There seems to be a trend of really smart and talented young women adamantly denying the importance of feminism and strongly disassociating with the word ‘feminist’. Then, we land ourselves in a Women’s Studies course in college and it seems like our whole world explodes. Suddenly everything makes sense! All our self-hatred, insecurity, fake friendships, and unstable relationships make sense because we finally understand the system we’re operating in. If an Introduction to Women’s and Gender Studies course was required in the same way that First Year Composition is required, I really believe our campuses would be much safer, smarter, progressive places. But what about the folks who don’t want to or aren’t able to attend college? What about the folks who don’t ever find themselves in a Women’s Studies course? What if gender justice education could start earlier?
My primary, middle, and high school experiences would have been infinitely improved if someone had explained the basics of gender roles to me. When we don’t understand how our society functions, it’s hard to understand why things like girl hate and slut shaming are wrong. We’re taught that it’s just the way things are. Girls are jealous, competitive, and hate other girls! Anyone having sex is a depraved slut! This toxic environment (especially pitting young women against each other) hurts all of us and contributes to rape culture. Recent media attention around the Steubenville rape trial and the truly tragic suicides of rape victims who are blamed and harassed clearly showcase the need for education. If you can handle it, do a quick Google search for ‘slut shaming suicides’. It happens all the time. We need to teach other about what victim blaming is and why it happens. We need to learn about sex and especially about consent. Lack of education is literally killing us.
This is why young feminism is so important. Adult feminists spend lots of time talking about politics and laws, and that’s incredible! We need that! But our thoughts, ideas, and life philosophies are profoundly shaped in our youth. It’s hard to make decisions about what you believe in and who you want to be when you’re only given one example, one message, and one way to be. We need to change the dominant narratives that shape our society. Young feminists are in a great position to do that. I think about this constantly, so I was incredibly excited to find an article in The Star about a group of five young women who are bringing gender studies courses to high schools in Ontario.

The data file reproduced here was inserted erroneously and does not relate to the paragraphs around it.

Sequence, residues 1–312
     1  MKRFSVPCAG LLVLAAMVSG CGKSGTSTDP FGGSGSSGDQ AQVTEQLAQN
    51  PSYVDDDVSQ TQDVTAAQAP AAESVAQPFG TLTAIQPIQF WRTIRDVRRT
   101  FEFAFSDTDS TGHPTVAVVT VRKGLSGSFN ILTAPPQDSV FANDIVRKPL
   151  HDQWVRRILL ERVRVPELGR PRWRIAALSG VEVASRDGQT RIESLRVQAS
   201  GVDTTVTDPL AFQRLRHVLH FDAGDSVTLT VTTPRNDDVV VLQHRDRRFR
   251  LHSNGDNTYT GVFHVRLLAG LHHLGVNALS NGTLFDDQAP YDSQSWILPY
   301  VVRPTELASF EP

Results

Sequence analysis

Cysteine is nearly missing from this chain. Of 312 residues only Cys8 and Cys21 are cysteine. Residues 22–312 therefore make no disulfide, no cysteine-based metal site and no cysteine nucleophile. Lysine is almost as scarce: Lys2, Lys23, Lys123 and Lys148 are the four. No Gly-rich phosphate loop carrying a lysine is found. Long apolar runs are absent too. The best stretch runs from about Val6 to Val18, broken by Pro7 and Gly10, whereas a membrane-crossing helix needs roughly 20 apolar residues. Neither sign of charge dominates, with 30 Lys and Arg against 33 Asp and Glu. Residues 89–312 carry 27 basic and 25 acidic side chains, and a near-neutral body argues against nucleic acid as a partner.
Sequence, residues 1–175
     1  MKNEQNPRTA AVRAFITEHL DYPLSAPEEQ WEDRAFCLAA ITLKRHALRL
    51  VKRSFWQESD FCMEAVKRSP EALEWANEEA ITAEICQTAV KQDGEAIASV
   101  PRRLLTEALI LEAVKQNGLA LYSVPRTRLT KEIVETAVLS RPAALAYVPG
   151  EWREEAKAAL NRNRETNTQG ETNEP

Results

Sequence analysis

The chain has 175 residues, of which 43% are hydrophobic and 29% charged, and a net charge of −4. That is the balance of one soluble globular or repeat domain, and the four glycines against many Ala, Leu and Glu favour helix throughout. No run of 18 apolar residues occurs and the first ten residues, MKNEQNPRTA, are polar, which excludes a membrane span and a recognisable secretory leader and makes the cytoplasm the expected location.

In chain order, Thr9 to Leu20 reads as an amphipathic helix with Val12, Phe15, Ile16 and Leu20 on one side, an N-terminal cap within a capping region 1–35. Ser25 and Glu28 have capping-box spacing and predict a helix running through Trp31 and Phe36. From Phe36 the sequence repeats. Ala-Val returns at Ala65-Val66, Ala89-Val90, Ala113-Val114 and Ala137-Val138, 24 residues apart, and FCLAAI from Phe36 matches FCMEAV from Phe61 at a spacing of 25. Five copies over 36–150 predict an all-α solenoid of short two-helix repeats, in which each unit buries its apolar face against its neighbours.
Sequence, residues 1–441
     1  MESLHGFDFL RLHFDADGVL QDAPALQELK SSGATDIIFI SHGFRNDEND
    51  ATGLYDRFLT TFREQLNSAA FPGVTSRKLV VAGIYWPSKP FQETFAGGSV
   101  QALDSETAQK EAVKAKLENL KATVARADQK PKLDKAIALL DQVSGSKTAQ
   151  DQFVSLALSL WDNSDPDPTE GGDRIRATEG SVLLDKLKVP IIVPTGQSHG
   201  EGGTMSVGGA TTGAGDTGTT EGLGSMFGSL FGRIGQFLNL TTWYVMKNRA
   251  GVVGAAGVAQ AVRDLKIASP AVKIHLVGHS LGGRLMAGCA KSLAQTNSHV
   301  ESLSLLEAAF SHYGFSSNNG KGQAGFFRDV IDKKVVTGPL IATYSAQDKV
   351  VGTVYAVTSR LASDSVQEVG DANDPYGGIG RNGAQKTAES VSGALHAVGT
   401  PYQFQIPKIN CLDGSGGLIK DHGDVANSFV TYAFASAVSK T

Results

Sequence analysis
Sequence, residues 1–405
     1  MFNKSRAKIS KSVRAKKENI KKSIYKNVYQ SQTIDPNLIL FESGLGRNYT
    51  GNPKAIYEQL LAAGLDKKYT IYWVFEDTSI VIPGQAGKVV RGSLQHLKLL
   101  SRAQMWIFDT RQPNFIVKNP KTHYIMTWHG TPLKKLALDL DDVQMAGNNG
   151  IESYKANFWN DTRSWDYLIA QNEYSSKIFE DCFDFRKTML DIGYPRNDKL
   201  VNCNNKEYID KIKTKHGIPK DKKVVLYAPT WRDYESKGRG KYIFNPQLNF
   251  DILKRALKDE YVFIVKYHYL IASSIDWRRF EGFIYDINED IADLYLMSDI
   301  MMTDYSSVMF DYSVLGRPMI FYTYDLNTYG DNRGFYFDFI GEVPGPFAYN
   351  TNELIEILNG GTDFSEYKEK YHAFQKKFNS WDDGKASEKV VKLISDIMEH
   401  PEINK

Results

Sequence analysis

The Miss G Project for Equity in Education is an awesome, totally inspiring example of activism. Too often, we end up talking about problems and injustices without getting anywhere. Activism is difficult, and progress is often snail-speed. But it’s the vital second step to talking about problems. If we keep telling each other things are bad but don’t do anything to make things good, we won’t get anywhere. When we make a plan and stick with it, even if it takes eight years (!), then we’ll see big things start to happen. Talking is an essential first step, and I don’t mean to belie its importance. This whole blog is a lot more talking than doing, because educating ourselves is an important kind of activism. If we don’t know what’s happening or why it’s happening, we can’t do anything to change it. That’s the premise of The Miss G Project!
I’m so excited that teenagers in Ontario will now have the opportunity to learn about the important role of gender in our lives…and they’ll learn about it in public schools! That’s so cool. That is what I desperately needed when I was a teenager, even if I didn’t know it at the time. What kind of education do you wish you’d had access to growing up? And if you were going to launch an activist campaign today, what would it be?